Shepstone, Sven Ewan1; Tan, Zheng-Hua1; Jensen, Søren Holdt1
1 Department of Electronic Systems, The Faculty of Engineering and Science, Aalborg University, VBN2 The Faculty of Engineering and Science, Aalborg University, VBN3 Signal and Information Processing, The Faculty of Engineering and Science, Aalborg University, VBN4 Multimedia Information and Signal Processing, The Faculty of Engineering and Science, Aalborg University, VBN
Recommending TV content to groups of viewers is best carried out when relevant information such as the demographics of the group is available. However, it can be difficult and time consuming to extract information for every user in the group. This paper shows how an audio analysis of the age and gender of a group of users watching the TV can be used for recommending a sequence of N short TV content items for the group. First, a state of the art audio-based classifier determines the age and gender of each user in an M-user group and creates a group profile. A genetic recommender algorithm then selects for each user in the profile, a single personalized multimedia item for viewing. When the number of items to be presented is different to the number of viewers in the group, i.e. M ≠ N, a novel adaptation algorithm is proposed that first converts the M-user group profile to an N-slot content profile, thus ensuring that items are proportionally allocated to users with respect to their demographic categorization. The proposed system is compared to an ideal system where the group demographics are provided explicitly. Results using real speaker utterances show that, in spite of the inaccuracies of state-of-the-art age-and-gender detection systems, the proposed system has a significant ability to predict an item with a matching age and gender category. User studies were conducted where subjects were asked to rate a sequence of advertisements, where half of the advertisements were randomly selected, and the other half were selected using the audio-derived demographics. The recommended advertisements received a significant higher median rating of 7.75, as opposed to 4.25 for the randomly selected advertisements 1.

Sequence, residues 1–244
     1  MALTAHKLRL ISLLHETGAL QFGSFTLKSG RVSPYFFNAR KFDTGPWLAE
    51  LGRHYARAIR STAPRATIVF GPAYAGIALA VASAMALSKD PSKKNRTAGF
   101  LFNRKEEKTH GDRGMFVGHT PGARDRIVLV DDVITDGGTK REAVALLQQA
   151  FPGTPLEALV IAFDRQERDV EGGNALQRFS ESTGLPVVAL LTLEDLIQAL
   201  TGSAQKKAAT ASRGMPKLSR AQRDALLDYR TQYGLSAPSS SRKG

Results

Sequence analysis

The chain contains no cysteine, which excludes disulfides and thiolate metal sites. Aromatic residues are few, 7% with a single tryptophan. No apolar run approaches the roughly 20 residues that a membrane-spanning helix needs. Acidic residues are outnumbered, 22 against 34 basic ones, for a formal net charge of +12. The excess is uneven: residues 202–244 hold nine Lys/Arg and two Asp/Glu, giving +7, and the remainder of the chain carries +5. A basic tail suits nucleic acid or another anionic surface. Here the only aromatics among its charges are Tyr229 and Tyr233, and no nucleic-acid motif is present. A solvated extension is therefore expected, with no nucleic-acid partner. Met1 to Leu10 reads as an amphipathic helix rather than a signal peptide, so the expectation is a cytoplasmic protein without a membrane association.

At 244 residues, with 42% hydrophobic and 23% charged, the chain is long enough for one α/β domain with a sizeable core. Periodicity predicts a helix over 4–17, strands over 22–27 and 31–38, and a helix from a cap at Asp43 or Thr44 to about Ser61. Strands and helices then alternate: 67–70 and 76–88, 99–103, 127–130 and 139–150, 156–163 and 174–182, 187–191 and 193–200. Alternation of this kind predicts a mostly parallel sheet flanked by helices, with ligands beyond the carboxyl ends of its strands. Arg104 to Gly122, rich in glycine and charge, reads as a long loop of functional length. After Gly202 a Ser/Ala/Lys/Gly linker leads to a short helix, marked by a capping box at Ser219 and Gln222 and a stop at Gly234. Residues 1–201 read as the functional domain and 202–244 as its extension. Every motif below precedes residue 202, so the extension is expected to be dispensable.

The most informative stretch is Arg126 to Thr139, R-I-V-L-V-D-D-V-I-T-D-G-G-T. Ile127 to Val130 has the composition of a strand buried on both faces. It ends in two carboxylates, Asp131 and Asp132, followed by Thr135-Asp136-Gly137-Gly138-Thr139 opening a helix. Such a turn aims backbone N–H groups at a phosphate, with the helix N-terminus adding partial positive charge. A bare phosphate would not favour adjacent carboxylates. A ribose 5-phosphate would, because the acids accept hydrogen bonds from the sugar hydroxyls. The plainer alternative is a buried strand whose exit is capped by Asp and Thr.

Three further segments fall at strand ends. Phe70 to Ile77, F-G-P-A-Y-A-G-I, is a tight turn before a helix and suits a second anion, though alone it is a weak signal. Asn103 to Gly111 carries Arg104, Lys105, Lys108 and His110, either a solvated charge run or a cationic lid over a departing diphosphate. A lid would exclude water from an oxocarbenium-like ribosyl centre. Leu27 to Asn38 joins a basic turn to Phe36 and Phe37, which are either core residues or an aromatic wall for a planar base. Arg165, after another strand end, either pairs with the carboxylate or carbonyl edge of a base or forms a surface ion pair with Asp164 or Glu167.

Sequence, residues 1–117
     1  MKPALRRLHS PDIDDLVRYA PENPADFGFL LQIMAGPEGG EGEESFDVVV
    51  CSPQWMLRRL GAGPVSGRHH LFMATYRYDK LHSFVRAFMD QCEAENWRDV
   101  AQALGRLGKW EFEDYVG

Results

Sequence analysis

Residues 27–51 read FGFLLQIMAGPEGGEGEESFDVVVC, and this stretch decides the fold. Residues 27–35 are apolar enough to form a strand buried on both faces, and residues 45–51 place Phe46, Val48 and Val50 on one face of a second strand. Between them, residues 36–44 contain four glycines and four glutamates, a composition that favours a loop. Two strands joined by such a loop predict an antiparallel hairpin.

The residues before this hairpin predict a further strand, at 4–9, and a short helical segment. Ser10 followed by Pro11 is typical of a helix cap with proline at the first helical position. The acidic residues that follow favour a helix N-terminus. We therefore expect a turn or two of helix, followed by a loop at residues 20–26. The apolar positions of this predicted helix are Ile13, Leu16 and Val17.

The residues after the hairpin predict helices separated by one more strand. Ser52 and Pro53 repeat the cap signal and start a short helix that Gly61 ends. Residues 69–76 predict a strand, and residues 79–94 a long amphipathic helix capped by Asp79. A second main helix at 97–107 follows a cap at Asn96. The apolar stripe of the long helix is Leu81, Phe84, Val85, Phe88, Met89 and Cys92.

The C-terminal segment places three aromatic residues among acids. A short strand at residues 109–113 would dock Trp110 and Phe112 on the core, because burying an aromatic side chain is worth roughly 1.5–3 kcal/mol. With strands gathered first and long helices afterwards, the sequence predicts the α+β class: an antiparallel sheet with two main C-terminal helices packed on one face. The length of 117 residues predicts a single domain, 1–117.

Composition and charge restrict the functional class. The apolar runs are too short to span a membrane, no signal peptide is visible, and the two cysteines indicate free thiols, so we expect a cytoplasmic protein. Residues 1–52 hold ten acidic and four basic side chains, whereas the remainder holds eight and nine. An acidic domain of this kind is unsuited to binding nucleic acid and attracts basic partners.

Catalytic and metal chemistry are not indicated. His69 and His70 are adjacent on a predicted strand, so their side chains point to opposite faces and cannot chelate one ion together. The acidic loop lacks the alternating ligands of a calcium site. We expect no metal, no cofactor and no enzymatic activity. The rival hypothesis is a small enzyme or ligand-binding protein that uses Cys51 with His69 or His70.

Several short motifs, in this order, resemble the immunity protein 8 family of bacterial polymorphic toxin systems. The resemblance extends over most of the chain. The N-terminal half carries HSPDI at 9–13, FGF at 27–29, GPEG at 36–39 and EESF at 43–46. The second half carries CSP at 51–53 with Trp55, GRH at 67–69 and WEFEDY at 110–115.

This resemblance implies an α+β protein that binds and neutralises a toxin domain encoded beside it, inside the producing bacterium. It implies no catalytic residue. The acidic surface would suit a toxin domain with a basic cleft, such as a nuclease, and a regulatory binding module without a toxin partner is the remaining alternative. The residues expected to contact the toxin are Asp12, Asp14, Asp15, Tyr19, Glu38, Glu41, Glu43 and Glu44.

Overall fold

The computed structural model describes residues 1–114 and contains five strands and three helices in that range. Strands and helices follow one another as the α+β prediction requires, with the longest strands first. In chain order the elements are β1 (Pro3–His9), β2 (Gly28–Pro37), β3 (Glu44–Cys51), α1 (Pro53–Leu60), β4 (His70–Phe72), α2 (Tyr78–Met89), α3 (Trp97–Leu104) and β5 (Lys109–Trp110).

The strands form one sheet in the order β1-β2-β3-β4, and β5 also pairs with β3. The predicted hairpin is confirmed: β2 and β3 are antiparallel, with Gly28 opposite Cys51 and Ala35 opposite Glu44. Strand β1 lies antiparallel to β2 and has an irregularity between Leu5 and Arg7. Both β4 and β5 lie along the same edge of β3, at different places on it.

I E E E Transactions on Consumer Electronics, 2013, Vol 59, Issue 3, p. 721-729